One way of achieving a dialectical relationship between subjectivity and objectivity is by praxis which Freire defines as "reflection and action upon the world in order to transform it" (p. 51). To bring about praxis, you must stop oppressing other people and yourself, trust them for their ability to reason for their own words and deeds.

To achieve this praxis, however, it is necessary to trust in the oppressed and in their ability to reason. Whoever lacks this trust will fail to initiate (or will abandon) dialogue, reflection, and communication, and will fall into using slogans, communiqués, monologues, and instructions. Superficial conversions to the cause of liberation carry this danger. (p. 66)

So in order not to repeat the mistake of self-claimed liberators who first freed nobody but themselves and eventually self-destroyed themselves, we need praxis and communication.

Then, what blocks praxis and communication? A major one in the modern society is what Freire termed as the "banking concept of education" (p. 72). In that concept and in classes conducted in the concept, students are only the object for containing the knowledge which their teacher store for his convenience. Students are only expected to receive and accumulate the knowledge in order to adapt to the world that the haves (the teacher included) want to maintain. Knowledge is not to change the world but to keep it as it is. Banking style education is oppressors' sophisticated way of controlling the oppressed.

Education thus becomes an act of depositing, in which the students are the depositories and the teacher is the depositor. Instead of communicating, the teacher issues communiqués and makes deposits which the students patiently receive, memorize, and repeat. This is the "banking" concept of education, in which the scope of action allowed to the students extends only as far as receiving, filling, and storing the deposits. ...

In the banking concept of education, knowledge is a gift bestowed by those who consider themselves knowledgeable upon those whom they consider to know nothing. Projecting an absolute ignorance onto others, a characteristic of the ideology of oppression, negates education and knowledge as process of inquiry. (p. 72)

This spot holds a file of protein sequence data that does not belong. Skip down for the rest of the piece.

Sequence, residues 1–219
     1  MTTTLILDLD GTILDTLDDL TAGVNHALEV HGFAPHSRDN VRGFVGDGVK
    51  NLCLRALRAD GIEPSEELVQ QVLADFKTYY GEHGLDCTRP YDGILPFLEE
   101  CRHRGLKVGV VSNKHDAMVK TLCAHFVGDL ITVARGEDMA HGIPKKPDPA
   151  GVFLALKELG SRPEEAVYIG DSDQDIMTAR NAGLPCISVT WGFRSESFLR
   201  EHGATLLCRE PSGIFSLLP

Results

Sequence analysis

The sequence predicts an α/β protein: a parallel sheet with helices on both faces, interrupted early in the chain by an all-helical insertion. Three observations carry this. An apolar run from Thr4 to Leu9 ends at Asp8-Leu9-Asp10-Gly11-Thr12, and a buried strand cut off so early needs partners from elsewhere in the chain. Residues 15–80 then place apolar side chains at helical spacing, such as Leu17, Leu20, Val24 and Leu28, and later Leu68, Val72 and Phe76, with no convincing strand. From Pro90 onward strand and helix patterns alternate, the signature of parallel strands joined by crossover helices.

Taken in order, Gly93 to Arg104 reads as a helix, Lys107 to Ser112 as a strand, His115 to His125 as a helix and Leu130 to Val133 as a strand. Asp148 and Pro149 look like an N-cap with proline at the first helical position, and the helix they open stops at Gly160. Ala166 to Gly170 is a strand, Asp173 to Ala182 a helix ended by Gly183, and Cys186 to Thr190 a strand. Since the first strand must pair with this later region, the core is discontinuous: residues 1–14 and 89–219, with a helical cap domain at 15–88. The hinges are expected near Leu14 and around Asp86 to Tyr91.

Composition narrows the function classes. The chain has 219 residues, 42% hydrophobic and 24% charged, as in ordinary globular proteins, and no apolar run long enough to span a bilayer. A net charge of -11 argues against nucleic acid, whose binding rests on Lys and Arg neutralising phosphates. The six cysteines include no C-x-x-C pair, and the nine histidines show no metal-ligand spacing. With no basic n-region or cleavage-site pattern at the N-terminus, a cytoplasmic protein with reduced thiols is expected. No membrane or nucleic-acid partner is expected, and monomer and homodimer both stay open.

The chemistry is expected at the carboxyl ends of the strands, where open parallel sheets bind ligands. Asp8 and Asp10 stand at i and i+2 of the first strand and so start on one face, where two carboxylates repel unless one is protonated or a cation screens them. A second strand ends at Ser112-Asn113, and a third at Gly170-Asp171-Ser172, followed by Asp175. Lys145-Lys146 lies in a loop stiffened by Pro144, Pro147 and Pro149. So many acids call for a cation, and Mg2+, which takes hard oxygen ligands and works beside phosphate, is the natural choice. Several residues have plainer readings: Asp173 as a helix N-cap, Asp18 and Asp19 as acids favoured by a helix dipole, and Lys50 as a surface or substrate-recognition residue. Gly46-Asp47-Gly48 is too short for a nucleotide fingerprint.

When students regard themselves as nothing but a container as a bank of somebody else's knowledge (and they can only use the interest of the knowledge as money), they are alienated from and by the knowledge and the world where the knowledge is from. Dichotomy between human beings and the world becomes a reality in the banking concept of education.

Implicitly in the banking concept is the assumption of a dichotomy between human beings and the world: a person is merely in the world, not with the world or with others; the individual is spectator, not re-creator. In this view, the person is not a conscious being (corpo consciente); he or she is rather the possessor of a consciousness: an empty "mind" passively open to the reception of deposits of reality from the world outside. (p. 75)

In order to bring back students to the world and the relationship with others they belong to and live in, teachers need to abandon the banking concept of education, and start communication with them (not information transmission in disguise). And communication is admitting and encouraging the autonomy of the interlocutors, students in this case.

Yet only through communication can human life hold meaning. The teacher's thinking is authenticated only by the authenticity of the students' thinking. The teacher cannot think for her students, nor can she impose her thought on them. Authentic thinking, thinking that is concerned about reality, does not take place in ivory tower isolation, but only in communication. If it is true that thought has meaning only when generated by action upon the world, the subordination of students to teachers become impossible. (p. 77)